Update: Mas on Tuesday said the region would stage a public consultation on November 9th within current legal frameworks. Click here to see the latest news.
Mas has given up on plans to hold the non-binding poll on whether the region should split from the rest of Spain because of a lack of legal guarantees surrounding the vote, Spain's influential El Pais newspaper reported.
Spain's conservative central government has repeatedly said the non-binding referendum is unconstitutional and the country's Constitutional Court has suspended it while it deliberates on its legality.
After a gruelling meeting with leaders from pro-independence political parties in the region on Monday, Mas has now decided to follow a route of "citizen participation" to establish how Catalans see the future of the region — something that would be allowed by the Constitutional Court, according to El Pais.
Such a process, however, would lack any international legal standing and is deeply unpopular among the supporters of the pro-independence vote, the daily said.
Other Spanish news outlets also reported that Mas had conceded the November 9th referendum could no longer take place under the terms set by a regional decree signed by Mas in late September, and spoke of alternatives included "processes of citizenship participation".
"The (regional) government has determined that the consultation can't take place," Joan Herrera of the leftist Initiative for Catalonia party told reporters following the meeting of pro-referendum Catalan parties.
Alternatives would be laid out on Tuesday, he added, with the Catalan government saying Artur Mas would speak publicly at 10am to outline options.
Catalonia's #presidentMas to offer a press conference tomorrow at 10am (Barcelona time) in the Gothic Gallery of the Palau de la Generalitat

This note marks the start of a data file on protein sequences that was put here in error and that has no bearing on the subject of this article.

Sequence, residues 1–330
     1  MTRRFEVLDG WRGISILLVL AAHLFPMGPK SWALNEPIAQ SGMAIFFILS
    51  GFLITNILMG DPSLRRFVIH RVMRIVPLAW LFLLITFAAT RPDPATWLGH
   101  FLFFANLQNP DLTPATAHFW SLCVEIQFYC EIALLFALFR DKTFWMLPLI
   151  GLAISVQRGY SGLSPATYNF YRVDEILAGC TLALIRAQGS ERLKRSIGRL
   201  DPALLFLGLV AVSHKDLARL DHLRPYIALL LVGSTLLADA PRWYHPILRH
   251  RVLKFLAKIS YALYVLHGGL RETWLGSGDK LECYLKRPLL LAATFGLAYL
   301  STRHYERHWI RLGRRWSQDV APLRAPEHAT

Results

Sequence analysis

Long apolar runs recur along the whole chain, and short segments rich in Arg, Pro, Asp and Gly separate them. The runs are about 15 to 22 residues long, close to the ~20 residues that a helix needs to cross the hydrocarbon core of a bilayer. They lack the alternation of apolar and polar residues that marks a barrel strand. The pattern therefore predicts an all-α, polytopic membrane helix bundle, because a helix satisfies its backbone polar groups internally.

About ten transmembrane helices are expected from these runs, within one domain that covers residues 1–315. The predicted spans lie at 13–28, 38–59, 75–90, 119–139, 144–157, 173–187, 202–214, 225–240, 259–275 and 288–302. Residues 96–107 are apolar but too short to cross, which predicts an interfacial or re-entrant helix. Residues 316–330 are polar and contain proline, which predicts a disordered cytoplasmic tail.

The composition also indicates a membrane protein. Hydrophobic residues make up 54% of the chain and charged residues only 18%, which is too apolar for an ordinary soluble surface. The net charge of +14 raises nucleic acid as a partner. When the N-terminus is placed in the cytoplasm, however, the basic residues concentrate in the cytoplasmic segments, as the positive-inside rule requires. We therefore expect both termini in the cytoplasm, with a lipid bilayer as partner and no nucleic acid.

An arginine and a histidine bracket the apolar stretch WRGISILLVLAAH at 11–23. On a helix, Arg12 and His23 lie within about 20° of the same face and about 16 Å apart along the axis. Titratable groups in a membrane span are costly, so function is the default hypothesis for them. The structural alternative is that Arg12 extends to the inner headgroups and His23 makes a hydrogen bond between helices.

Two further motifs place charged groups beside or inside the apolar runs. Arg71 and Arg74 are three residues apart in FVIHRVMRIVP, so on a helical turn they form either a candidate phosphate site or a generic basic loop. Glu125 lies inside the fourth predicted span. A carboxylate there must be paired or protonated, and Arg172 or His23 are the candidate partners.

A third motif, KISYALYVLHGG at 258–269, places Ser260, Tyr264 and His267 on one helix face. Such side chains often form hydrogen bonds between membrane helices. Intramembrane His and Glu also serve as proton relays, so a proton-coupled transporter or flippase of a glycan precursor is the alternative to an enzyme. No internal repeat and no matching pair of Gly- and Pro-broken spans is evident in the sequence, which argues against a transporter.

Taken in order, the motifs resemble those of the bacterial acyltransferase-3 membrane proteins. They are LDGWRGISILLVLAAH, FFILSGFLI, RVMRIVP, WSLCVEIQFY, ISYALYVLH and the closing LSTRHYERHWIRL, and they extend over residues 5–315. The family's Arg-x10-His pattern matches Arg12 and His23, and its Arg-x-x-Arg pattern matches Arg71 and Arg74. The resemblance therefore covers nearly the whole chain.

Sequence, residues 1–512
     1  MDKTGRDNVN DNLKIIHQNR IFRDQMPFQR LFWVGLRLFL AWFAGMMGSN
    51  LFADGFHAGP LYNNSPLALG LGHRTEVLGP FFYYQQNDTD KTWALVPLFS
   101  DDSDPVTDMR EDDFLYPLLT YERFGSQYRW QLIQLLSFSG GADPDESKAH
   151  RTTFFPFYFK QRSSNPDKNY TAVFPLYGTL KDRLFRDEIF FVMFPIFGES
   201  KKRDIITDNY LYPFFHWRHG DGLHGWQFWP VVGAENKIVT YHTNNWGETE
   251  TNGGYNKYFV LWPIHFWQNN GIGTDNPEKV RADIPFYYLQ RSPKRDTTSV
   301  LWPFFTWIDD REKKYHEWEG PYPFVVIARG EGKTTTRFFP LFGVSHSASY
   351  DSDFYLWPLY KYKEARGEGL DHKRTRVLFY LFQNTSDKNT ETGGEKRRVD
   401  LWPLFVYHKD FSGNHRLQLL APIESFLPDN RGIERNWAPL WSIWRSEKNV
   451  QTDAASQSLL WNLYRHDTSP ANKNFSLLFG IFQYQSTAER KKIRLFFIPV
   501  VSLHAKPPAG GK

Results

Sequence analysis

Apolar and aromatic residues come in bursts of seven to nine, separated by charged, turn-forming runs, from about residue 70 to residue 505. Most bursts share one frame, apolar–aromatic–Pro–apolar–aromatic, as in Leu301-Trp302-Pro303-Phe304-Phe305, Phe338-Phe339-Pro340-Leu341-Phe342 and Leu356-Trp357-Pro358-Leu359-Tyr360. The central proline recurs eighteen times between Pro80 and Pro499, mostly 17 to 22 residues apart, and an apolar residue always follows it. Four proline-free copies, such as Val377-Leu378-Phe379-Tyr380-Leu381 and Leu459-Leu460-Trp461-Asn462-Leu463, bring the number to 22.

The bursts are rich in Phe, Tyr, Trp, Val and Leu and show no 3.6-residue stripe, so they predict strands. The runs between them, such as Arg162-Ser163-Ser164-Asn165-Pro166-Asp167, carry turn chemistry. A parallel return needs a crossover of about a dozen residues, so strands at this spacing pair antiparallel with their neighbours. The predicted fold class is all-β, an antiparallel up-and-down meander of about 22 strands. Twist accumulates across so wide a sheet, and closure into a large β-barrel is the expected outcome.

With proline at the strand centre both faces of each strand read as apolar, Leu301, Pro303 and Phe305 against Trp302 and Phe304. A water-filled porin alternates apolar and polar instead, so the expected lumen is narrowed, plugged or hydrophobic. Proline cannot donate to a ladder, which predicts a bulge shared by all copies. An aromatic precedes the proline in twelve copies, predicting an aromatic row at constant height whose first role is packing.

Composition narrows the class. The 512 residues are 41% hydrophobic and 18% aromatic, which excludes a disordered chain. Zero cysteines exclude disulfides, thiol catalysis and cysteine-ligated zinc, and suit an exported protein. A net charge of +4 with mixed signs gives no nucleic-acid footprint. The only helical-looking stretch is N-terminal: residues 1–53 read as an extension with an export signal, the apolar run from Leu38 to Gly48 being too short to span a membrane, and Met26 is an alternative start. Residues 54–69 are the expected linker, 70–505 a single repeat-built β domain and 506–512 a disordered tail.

— j9aN maria piqué ن (@joanmariapique) October 13, 2014
The pro-independence ERC was quick to slam the change of direction by Mas and his government.
"We warn there is only way ahead: the Catalan parliament must draw up a Declaration of Independence immediately," the party said in a statement, quoted by the Spanish edition of the Huffington Post.
"They (the Catalan government) are imposing a new scenario on us, one that we in no way agreed to," the party added.
Proud of their distinct language and culture, residents in the northeastern region have long complained they get a raw deal from the government in Madrid, which decides how their taxes are spent.
They have been fired up by last month's independence referendum in Scotland, even though voters there rejected a separation from Britain.
The region accounts for about a fifth of Spain's economy, but has been hit hard, like much of the country, by the recent years of recession.
But an October 5th poll showed only 23 percent of Catalans supported the idea of forging ahead with the referendum and 45 percent wanted the regional authorities to comply with the stay ordered by the Constitutional Court.
Prime Minister Mariano Rajoy also reached out to Catalans on Spain's national day on Sunday to stress the common "deep roots" that Catalans shared with other Spaniards.
In a comment published in the Catalan language edition of El Pais newspaper, the conservative leader said his government was ready to build "bridges" in its negotiations with Catalans.
But in an informal chat with journalists, Rajoy admitted he had not spoken to Mas since July.